Hell on Wheels

Photo: Paul Kolnik/courtesy of BlueCurrent Public Relations

It must have been budget constraints that kept Xanadu’s producers from adding the final, essential touch to its décor: a pair of twenty-foot-tall quotation marks, one on either side of the stage. Douglas Carter Beane, fresh off a different sort of bottom-feeding (The Little Dog Laughed, a wicked satire on soulless Hollywood agenting), has reimagined the famously bad 1980 film as a Broadway musical by feasting on the movie’s remains. The story (Venice Beach artist is inspired by, and falls in love with, a roller-skating Greek demigod) and the score (synth-pop songs by ELO, which sound surprisingly at home on the newly rocking Great White Way) are vaguely the same. Only this time, we are invited to laugh at Sonny (Cheyenne Jackson) when he decides to kick off the eighties by establishing “the apex of all the arts—a roller disco.” Kira’s Australian accent in the film likewise becomes a punch line for Kerry Butler, who plays her here. In interviews, Beane has spoken of the deep themes of creativity and mortality in Sonny’s artistic urges, which sounds to me like one last meta-joke. Because this show works at about the level of a Rocky Horror sing-along, plus leg warmers.

If the show were just campy—90 minutes of reveling in a bad film’s badness—I might not have minded it. Much. (A pas de deux for girl in roller skates and boy in telephone booth is funny, no matter why it happens.) But there’s a second strain in the show, one even more grating than the kitsch. Where Hairspray fell back on sentiment to soften John Waters’s film for a big Broadway crowd, Xanadu turns snarky, straining again and again for a clever way to undercut something, anything, everything—including itself, whenever a vaguely heartfelt or sincere moment seems about to occur. Is there a world record for longest continuously held smirk?

Director Christopher Ashley lashes things together smoothly, if without the inventive wit he brought to All Shook Up, the gay–Elvis–meets–Twelfth Night musical a few years back. But what can I say? The show’s a comedy that didn’t give me many laughs—at least, not beyond the overarching, somewhat bitter one about what’s happened to the climate of New York theater. Thanks to Xanadu and the forthcoming Grease, we’re living in a world where the leading lady of Broadway is Olivia Newton-John.

It’s no surprise that the Barrow Street Theatre has a hit on its hands with Gone Missing, the Civilians’ hilarious, heartbreaking “documentary cabaret” about things lost and found. (The members of the troupe are friends of mine, but the unbiased critics have been eating it up, too.) What does come as a surprise is the musical that shares the stage with it on weekend nights: the downtown company Waterwell’s brilliant and perplexing The/King/Operetta.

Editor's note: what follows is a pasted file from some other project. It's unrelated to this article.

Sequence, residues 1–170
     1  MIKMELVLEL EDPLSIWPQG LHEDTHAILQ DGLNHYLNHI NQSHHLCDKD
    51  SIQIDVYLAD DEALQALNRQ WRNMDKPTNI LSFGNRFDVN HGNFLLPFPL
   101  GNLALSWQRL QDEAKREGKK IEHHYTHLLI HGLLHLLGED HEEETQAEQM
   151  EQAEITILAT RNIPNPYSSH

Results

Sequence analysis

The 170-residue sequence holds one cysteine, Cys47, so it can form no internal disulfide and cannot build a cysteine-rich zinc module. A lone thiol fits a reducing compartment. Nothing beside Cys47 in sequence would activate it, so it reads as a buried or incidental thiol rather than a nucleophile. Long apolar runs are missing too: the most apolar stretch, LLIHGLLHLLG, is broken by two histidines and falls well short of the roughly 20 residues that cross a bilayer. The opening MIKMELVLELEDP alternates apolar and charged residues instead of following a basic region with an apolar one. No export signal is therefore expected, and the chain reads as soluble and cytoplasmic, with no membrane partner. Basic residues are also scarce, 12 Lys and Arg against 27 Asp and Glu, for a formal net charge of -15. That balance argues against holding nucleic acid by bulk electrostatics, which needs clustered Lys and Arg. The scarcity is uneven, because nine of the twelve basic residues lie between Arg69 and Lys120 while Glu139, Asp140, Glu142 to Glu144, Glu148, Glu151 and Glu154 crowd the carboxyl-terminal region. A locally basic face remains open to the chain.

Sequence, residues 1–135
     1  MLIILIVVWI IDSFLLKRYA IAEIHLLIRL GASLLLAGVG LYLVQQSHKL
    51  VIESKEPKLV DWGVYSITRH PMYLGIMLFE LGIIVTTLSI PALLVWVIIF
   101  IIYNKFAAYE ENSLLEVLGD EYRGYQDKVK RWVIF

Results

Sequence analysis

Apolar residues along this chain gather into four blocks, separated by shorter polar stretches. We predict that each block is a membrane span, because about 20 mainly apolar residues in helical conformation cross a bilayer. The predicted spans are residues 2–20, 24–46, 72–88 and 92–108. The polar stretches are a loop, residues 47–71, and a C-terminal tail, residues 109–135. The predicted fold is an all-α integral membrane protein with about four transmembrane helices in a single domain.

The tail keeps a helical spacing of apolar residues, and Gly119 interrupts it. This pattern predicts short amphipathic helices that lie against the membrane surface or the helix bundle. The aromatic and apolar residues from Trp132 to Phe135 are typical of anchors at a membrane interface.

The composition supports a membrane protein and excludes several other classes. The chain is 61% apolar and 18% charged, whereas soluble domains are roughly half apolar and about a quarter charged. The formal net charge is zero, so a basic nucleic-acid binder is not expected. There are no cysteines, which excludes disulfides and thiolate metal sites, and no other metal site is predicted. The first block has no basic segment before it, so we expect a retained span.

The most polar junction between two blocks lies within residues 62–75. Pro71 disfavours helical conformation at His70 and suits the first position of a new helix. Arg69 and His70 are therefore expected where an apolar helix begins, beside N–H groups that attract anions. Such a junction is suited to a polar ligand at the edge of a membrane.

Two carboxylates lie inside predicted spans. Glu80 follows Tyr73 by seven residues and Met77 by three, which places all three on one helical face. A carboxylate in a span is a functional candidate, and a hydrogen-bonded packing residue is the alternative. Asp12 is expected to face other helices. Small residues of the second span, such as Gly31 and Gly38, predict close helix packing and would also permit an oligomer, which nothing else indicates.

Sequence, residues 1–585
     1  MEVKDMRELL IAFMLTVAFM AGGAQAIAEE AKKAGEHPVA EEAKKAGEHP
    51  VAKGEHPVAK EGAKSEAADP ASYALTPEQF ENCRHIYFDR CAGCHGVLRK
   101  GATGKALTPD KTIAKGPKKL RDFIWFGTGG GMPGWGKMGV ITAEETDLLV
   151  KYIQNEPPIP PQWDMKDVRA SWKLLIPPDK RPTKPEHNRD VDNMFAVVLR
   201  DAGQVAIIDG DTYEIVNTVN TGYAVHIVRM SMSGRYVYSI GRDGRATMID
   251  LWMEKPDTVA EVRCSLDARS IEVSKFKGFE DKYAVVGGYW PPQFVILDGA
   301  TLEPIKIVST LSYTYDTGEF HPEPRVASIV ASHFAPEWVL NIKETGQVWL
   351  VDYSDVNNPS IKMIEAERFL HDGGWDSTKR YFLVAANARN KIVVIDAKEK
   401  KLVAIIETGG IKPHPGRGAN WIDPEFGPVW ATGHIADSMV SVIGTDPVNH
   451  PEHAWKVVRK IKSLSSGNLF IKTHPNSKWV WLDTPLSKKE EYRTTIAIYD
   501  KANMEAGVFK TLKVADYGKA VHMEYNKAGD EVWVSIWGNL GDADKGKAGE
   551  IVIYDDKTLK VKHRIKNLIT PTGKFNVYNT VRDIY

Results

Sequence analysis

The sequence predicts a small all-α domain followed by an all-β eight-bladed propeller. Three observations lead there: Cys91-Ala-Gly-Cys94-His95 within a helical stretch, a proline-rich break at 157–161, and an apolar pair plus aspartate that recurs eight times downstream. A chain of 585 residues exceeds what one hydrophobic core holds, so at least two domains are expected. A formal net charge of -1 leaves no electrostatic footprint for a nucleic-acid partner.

Early reviews have criticized the show, rightly, for being too jokey about the last year in the life of Martin Luther King Jr. It’s one thing to depict J. Edgar Hoover as a buffoon who belongs in a Weimar cabaret, but the president who signed the Civil Rights Act deserves far, far better than the cartoonishly dumb, foulmouthed cracker LBJ becomes here. Still, harping on the show’s excesses (or its silly full title, which runs The Last Year in the Life of the Reverend Dr. Martin Luther King Jr., as Devised by Waterwell: A Rock Operetta) misses what’s extraordinary about it.

Whether delivered in plain speech (by the excellent Rodney Gardiner) or set to Lauren Cregor’s energetic rock score, the script incorporates long passages from King’s final addresses, including the Riverside Church address in which he called for “a revolution of values.” The generous quoting allows the show to throw jabs at pretty much everyone, from conservatives who can’t imagine a patriotism informed by pacifism to liberals who have forgotten the language of faith. Yet far from being didactic, the play is often laugh-out-loud funny, and unexpectedly dramatic.

To the extent that playwrights have paid attention to historical figures lately, they’ve tended toward the villainous (Nixon), the obscure (Herzen), and the fashionably violent (Che Guevara). Some of their plays have been terrific, but taken together, they’ve failed to make the most of theater’s ability to bring the dead back to living, breathing, three-dimensional life. So credit Waterwell with having the wisdom to revive a true moral hero, and the guts to wrestle not just with his oratory but his doubts, nightmares, failings, and passion (in both sacred and secular senses). A little obnoxiousness in the service of letting us hear from Dr. King again doesn’t seem a heavy burden to bear.

By Douglas Carter Beane. Helen Hayes Theatre.

Conceived by Waterwell. Barrow Street Theatre. Through August 11.

E-mail: theatercritic@newyorkmag.com.

Hell on Wheels